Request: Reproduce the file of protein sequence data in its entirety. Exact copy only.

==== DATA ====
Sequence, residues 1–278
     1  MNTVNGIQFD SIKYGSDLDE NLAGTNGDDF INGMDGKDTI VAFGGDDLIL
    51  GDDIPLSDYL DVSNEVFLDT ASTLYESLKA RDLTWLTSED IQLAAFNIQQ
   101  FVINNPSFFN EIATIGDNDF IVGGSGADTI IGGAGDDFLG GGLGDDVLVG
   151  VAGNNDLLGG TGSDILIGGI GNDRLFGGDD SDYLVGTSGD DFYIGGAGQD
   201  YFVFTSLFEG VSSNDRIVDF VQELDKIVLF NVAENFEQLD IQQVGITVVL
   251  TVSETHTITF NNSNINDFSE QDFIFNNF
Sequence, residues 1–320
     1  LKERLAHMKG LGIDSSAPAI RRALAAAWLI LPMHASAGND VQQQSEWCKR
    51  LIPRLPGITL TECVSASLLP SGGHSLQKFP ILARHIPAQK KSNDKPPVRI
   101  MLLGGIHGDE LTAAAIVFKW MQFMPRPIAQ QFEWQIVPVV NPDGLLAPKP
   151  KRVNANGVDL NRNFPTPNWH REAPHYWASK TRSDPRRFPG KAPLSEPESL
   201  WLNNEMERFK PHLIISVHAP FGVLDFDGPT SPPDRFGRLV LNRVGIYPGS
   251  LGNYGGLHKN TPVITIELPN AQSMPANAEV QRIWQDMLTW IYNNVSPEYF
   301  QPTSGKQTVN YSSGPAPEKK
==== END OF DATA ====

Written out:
Sequence, residues 1–278
     1  MNTVNGIQFD SIKYGSDLDE NLAGTNGDDF INGMDGKDTI VAFGGDDLIL
    51  GDDIPLSDYL DVSNEVFLDT ASTLYESLKA RDLTWLTSED IQLAAFNIQQ
   101  FVINNPSFFN EIATIGDNDF IVGGSGADTI IGGAGDDFLG GGLGDDVLVG
   151  VAGNNDLLGG TGSDILIGGI GNDRLFGGDD SDYLVGTSGD DFYIGGAGQD
   201  YFVFTSLFEG VSSNDRIVDF VQELDKIVLF NVAENFEQLD IQQVGITVVL
   251  TVSETHTITF NNSNINDFSE QDFIFNNF
Sequence, residues 1–320
     1  LKERLAHMKG LGIDSSAPAI RRALAAAWLI LPMHASAGND VQQQSEWCKR
    51  LIPRLPGITL TECVSASLLP SGGHSLQKFP ILARHIPAQK KSNDKPPVRI
   101  MLLGGIHGDE LTAAAIVFKW MQFMPRPIAQ QFEWQIVPVV NPDGLLAPKP
   151  KRVNANGVDL NRNFPTPNWH REAPHYWASK TRSDPRRFPG KAPLSEPESL
   201  WLNNEMERFK PHLIISVHAP FGVLDFDGPT SPPDRFGRLV LNRVGIYPGS
   251  LGNYGGLHKN TPVITIELPN AQSMPANAEV QRIWQDMLTW IYNNVSPEYF
   301  QPTSGKQTVN YSSGPAPEKK